Cobalt Red: How the Blood of the Congo Powers Our Lives

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Cobalt Red: How the Blood of the Congo Powers Our Lives

Cobalt Red: How the Blood of the Congo Powers Our Lives

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Price: £9.9
£9.9 FREE Shipping

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Siddhart Kara has done an immeasurable service to the people of the Congo telling their stories and speaking truth where there is global political and corporate silence from those relentlessly pushing Evs and phone upgrades which depend so much on the supply of cobalt. They are men, women, and children who live in stone-age conditions, without local medical care of schools, without protection from the hazardous work. As the "energy transition" ramps up and the planet needs an exponentially increasing quantity of raw materials, books like Cobalt Red are an important insight into what really is needed to make the planet "greener". The material is good and with some decent maps I would probably have given you a dozen stars but at the moment the information just hangs there, unconnected.

It is horrific in the extreme, and all so that we Westerners and many Asians can have cheap battery-powered devices. It appears these coalitions exist merely so that the companies can claim to be against slavery and child labor without actually being against either of those things. This is storytelling at its most dangerous and yet, the author never falters [ even after witnessing a mine collapse in person <--I would have not dealt with that well at all, but for him, it just reinforced the need for this book to come out and for the truth about all that is going on in Congo to be published]. By the time the river reaches the Atlantic, it empties with so much force that it clouds the ocean with sediment for a hundred kilometers offshore.An unflinching investigation reveals the human rights abuses behind the Congo’s cobalt mining operation—and the moral implications that affect us all. Artisanal miners are almost always paid paltry wages on a piece-rate basis and must assume all risks of injury, illness, or death. Everyone who uses a smartphone, an electric vehicle, or anything else powered by rechargeable batteries needs to read what Siddharth Kara has uncovered. In COBALT RED, Siddharth Kara provides an intense account of cobalt mining in the Congo, where three-fourths of the world’s cobalt is hand-mined in dangerous and toxic conditions by thousands of men, women, and children for one or two dollars a day. The Katanga region in the southeastern corner of the Congo holds more reserves of cobalt than the rest of the planet combined.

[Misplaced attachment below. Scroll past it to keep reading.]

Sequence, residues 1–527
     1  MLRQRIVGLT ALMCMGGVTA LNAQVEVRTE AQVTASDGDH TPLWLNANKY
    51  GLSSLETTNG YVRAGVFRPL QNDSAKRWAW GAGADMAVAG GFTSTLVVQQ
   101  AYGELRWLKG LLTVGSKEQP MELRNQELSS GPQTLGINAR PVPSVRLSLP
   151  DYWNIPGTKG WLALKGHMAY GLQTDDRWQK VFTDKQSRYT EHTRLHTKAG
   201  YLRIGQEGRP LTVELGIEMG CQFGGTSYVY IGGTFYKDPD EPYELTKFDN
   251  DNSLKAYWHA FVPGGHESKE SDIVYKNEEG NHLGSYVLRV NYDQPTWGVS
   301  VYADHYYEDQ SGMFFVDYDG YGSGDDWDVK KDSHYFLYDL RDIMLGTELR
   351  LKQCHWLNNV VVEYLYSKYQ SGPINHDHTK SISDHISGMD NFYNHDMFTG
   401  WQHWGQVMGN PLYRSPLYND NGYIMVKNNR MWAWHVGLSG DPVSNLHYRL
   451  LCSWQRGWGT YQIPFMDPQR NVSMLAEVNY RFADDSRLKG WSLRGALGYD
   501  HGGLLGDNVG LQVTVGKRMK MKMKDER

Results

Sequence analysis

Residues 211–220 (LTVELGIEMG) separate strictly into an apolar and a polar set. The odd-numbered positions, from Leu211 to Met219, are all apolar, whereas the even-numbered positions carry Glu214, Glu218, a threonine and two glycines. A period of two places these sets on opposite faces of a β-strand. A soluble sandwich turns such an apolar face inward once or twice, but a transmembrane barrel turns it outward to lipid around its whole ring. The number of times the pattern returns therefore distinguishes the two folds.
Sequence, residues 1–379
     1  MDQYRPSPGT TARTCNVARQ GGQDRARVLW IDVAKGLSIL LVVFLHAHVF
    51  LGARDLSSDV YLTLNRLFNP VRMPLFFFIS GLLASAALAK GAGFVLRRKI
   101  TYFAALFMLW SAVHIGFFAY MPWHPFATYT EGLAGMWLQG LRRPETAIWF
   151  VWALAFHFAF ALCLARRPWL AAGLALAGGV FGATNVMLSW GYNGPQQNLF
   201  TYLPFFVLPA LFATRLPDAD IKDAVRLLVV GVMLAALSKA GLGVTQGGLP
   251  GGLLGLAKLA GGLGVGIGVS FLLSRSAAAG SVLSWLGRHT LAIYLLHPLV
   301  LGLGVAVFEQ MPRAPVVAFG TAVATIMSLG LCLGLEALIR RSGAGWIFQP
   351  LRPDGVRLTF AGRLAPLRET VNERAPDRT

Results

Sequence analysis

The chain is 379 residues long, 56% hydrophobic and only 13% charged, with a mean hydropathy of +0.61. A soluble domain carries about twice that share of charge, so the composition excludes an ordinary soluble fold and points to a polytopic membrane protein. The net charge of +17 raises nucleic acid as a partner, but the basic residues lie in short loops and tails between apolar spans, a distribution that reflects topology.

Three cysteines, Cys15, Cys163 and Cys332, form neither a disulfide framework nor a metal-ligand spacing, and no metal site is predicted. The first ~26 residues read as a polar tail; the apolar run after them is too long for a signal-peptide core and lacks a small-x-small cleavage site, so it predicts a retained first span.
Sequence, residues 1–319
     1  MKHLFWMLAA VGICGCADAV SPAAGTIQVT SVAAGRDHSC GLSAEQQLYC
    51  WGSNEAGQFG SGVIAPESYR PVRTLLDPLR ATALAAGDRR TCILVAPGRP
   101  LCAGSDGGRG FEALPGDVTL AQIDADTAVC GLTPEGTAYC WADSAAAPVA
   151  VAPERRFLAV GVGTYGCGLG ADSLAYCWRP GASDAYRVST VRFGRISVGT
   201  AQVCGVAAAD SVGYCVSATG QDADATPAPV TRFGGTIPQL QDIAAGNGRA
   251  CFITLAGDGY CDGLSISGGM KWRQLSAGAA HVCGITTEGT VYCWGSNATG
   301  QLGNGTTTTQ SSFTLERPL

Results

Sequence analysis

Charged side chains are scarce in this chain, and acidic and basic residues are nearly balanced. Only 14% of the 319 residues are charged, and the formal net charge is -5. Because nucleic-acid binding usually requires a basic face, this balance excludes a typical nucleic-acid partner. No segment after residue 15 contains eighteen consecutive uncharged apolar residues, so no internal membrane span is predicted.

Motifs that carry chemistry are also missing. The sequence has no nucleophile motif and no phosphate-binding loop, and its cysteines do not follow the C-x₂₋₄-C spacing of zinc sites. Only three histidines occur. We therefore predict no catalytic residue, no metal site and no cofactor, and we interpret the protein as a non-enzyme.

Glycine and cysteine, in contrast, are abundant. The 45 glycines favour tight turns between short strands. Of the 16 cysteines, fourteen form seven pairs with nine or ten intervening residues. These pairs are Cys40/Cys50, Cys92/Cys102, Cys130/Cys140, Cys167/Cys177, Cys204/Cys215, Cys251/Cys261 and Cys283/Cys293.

Each of these devices have, at the very least, one element that inflicts extreme suffering and even death on the Congolese people.

There are roughly forty-five million people around the world directly involved in ASM, which represents an astonishing 90 percent of the world’s total mining workforce. As a result, demand for cobalt is expected to grow by almost 500 percent from 2018 to 2050,3 and there is no known place on earth to find that amount of cobalt other than the DRC. In 2021, a total of 111,750 tons of cobalt representing 72 percent of the global supply was mined in the DRC, a contribution that is expected to increase as demand from consumer-facing technology companies and electric vehicle manufacturers grows each year. For more details, please consult the latest information provided by Royal Mail's International Incident Bulletin. With extraordinary tenacity and compassion, Siddharth Kara evokes one of the most dramatic divides between wealth and poverty in the world today.

His reporting on how the dangerous, ill-paid labor of Congo children provides a mineral essential to our cellphones will break your heart. I’m struggling with the author’s final thoughts: “Lasting change is best achieved when the voices of those who are exploited are able to speak for themselves and are heard when they do so. If it does not, I would question whether you a) have a heart, and b) whether or not you might be a sociopath/psychopath. Roughly 2,300 kilometers southeast of Kinshasa at the opposite end of the country is Lubumbashi, capital of Haut-Katanga Province and administrative head of the mining provinces.As a result, it is always raining somewhere in the Congo, and the country has the highest frequency of thunderstorms in the world. Kara also dissects the cobalt supply chain that provides for the world while devastating so many Congolese.



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